Madhya Pradesh Government Bans Manja

For Immediate Release:
21 October 2016

Nikunj Sharma  [email protected]
Sachin Bangera  [email protected]

Move Comes After Efforts by PETA India to Outlaw Sharp Kite-Flying Strings

New Delhi – People for the Ethical Treatment of Animals (PETA) India has just received a copy of an order issued by the government of Madhya Pradesh which bans deadly manja in the state. The ban comes after PETA sent letters to and met with senior officials in the state, including Environment Minister Shri Lal Singh Arya, to request the ban, pointing out that manja kills thousands of birds every year, including endangered ones, and also kills or injures numerous children and other people.

The state government order banning manja is available upon request.

“Most people care about wildlife and would choose plain cotton kite strings if they knew that it would spare birds and humans the risk of serious injury and death”, says PETA Government Affairs Liaison Nikunj Sharma. “PETA has also filed a petition with the National Green Tribunal urging a nationwide ban on the sale and use of all forms of manja, and we encourage caring people to make the switch to glass-free cotton strings – for everyone’s safety.”

Taking into account the severe danger manja poses to humans, birds, and infrastructure, many states and district administrations – including Amritsar, Andhra Pradesh, Chennai, Gujarat, Jammu and Kashmir, Karnataka, Maharashtra, New Delhi, Telangana, and Uttar Pradesh – have already banned or restricted its sale and use. The Ministry of Environment, Forest and Climate Change has also issued an advisory urging state governments to address the manja menace, and the Animal Welfare Board of India has written to all states and union territories encouraging them to ban it.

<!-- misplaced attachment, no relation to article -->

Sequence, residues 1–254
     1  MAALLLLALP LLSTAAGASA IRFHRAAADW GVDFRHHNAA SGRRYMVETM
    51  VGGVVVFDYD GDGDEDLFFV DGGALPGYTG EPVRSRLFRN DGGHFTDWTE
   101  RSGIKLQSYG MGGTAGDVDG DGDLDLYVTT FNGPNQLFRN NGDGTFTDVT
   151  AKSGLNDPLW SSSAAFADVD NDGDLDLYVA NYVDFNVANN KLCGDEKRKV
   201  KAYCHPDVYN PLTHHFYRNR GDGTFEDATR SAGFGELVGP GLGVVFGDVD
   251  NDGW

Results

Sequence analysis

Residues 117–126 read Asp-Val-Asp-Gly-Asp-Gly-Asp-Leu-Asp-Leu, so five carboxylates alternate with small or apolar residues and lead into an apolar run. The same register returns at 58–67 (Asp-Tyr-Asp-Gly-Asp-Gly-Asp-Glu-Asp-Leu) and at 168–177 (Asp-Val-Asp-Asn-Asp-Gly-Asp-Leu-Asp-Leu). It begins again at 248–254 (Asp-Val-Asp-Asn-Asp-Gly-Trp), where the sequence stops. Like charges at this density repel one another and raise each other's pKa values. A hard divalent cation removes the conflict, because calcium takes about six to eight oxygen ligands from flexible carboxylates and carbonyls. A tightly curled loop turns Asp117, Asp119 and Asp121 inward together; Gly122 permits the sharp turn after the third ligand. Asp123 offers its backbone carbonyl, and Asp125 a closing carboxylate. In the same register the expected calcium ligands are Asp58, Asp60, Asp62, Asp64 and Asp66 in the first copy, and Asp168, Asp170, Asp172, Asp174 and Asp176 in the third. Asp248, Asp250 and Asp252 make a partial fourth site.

A bird rescuer in Ahmedabad estimates that 2,000 birds – including pigeons, kites, and vultures – are injured every year during the city’s Uttarayan festival and that 500 of them die from their injuries.

Manja poses a great threat to humans, too. In 2016, during Independence Day celebrations in Delhi alone, three humans – including two children – were killed and hundreds of animals were killed or injured by manja. In 2015, a man in Hyderabad died after his throat was slit by manja while he was riding his motorcycle. In December 2014, a 2-year-old boy in Jaipur received 22 stitches after manja cut his face and neck so severely that doctors struggled to save his life. In January 2014, a 5-year-old girl and a 26-year-old motorcyclist were killed by manja in Jaipur and Nagpur, respectively, and in Ahmedabad alone, eight people died and almost 1,500 were injured by it. In December 2013, a boy in Varanasi, the only son of a poor mason, was killed when his throat was slit by manja. These are only a few examples of its detrimental impact.

Manja has also caused expensive blackouts and has even resulted in human electrocution. According to Delhi power company BSES, a single incident involving a kite near an electrical establishment can affect up to 10,000 customers. Several top power companies, such as Reliance Power and Tata Power, have issued advisories urging people not to fly kites near electrical lines or establishments.

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